From research, the authors claimed that workers must be trained to understand good practices. It is recognized that education would be necessary to convey new evidence-based practice to all people interested in the hospital association and to whom the pathogens have not been well documented so far. Leoni et al. (2015) confidently clarified that a risk assessment that included reviewing the historical background of environmental conditions, facilities and types of patients under treatment would help hospital managers in understanding the harshness and importance of the risk, so that a risk ranking plan can be established to challenge each factor. The facility elements tend to reduce the microorganism's rate of growth and advancement of the harmful biofilm. The risk of transmission will be minimized if pathogens do not find an acceptable environment to develop. The efficient practices to manage and prevent the growth of legionella in the hospital set are water sampling and environmental monitoring (Hoffmann, Bennett, & Del Mar, 2013). It can therefore be concluded that these proposed solutions are evidence-based and effective in reducing the in-hospital risk of legionella.

Implementation and Evaluation

By identifying specific priorities, targets and the task force, the risk of legionella reduction is established inclusively. Support for the Head Courts and the equipment involved is required to change and introduce the new programs. By delivering training and education initiatives, management is responsible for inspiring and encouraging workers to implement new practices (Bédard et al., 2015). Responsibilities should be clearly organized and specified for each employee. Professional consultants must use the Water Protection Plan and the Risk Management Plan. Efficient methods of water sampling and environmental surveillance should be developed and implemented in conjunction with risk management strategies (Water Supplies Department, 2017). For the workers to follow and provide succinct details for the activities, this would be useful. In order to present new plans and conduct regular monitoring tasks within the hospital, facility management should play the role of coordinating with health care teams. When introducing new policies, the areas undergoing organizational modifications are illustrated in the following table 2.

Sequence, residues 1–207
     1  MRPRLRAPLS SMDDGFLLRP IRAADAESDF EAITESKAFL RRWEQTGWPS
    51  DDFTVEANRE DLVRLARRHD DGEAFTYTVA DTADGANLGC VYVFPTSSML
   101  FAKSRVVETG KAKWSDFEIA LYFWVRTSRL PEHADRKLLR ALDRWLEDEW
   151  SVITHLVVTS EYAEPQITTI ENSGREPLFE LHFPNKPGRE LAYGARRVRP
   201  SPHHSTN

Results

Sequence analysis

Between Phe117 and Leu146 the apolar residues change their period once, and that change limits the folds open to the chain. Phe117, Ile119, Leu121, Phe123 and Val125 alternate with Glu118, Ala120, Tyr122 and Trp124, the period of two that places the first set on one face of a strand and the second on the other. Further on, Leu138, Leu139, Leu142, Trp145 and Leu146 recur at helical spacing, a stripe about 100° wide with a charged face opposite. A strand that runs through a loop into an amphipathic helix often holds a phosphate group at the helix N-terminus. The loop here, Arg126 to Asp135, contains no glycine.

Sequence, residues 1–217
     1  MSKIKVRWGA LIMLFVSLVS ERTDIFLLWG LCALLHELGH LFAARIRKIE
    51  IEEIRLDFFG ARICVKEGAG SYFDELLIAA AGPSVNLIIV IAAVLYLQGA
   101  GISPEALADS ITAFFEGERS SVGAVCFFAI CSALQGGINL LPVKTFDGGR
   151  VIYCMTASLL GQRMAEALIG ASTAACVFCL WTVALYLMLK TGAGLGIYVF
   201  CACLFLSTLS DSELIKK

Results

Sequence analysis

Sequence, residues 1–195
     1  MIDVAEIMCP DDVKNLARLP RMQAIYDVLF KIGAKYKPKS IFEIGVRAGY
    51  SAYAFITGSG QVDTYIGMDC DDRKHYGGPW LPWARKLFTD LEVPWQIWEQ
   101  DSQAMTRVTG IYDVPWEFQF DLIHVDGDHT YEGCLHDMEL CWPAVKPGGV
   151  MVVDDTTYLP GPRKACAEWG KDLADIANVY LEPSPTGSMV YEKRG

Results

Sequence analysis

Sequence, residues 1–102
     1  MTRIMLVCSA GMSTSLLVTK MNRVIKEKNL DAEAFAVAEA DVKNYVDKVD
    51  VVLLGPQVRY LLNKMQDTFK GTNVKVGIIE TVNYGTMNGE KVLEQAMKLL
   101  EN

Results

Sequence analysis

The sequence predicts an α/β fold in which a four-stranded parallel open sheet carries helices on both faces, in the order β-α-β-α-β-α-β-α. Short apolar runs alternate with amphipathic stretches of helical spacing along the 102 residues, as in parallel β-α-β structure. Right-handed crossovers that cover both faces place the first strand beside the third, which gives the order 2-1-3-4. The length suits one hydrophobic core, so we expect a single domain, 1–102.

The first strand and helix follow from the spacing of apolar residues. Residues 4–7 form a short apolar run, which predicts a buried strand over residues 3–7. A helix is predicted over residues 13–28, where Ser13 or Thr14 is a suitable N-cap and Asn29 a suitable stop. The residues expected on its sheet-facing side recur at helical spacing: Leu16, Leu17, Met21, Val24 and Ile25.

Design and Structure Operations and Technology People

Job Design for the task force

Equipment for environmental surveillance

and Water sampling

Hospital Management

Human resource as

additional works involved

Test Process and

Sequences

Facility Manager

Technical Staff

Reporting system in case of any cases found

Information System support for analysis the

data

Laboratory technical staff

Culture develop – educate staff and enhance their awareness of the risk

Control system to observe designed to minimize the effects of variables other than the existing

independent variable

Health Care Workers

Emergency / Contingency plan workflow and responsible persons

charts

Risk Assessment and Water Safety Plan

 

Table 2. Areas of organizational change when implementing the recommended solutions.

Defensive steps must be measured on the basis of the results obtained and the switch trial must be compared. In order to deal with Legionella, continuous observation, both environmental and epidemiological, has also applied to the management and use of the scheme and is important for identifying the most suitable solutions to manage pollution. As a result, before introducing the new reform, the reporting framework and assessment system should be well shaped. The cost of the application and correctness of water sampling, by assessing the efficiency of the tactics, closes the loop of the question stated at the beginning of this paper.

Stakeholders and Their Roles

Several stakeholders are liable during the implementation of change process and they are stated below:

Stakeholders

 

Roles

Patients

 

The consumers of hospital. They act as a victims too if subjected to poor facilities in the hospital.

Staff

 

Employers of hospital. They may also be the victims of outbreak occurred.

 Facility Management Department (FMD)

 

Provide professional understanding of:

· Fulfill risk assessment

· Setup a strategy for water protection

· Track construction work that complies with the norms.

· To comply with the norms, liaise with other agencies.

· Regular inspection and control of hospital water systems.

· Plan and suggest enhancement work to fix the water systems.

· Evaluating the success of rectification that works.

Nursing Departments

 

· Build a system to search shower areas that are underused.

· The report is available in the case of LD.

· Co-work with FMD on enhancement work

Infection Control Team

Laboratory

Hospital Services Management

· Co-work with FMD to develop a strategy for water protection.

· Provide professional guidance about how LD can be avoided.

· Increase employee knowledge of LD.

Working as an assistant for environmental monitoring and study of water sampling.

ž Provide financial and manpower supports on rectify works.

ž Responsible for the workplace safety to patients and staff in hospital.

ž Oversee the facility management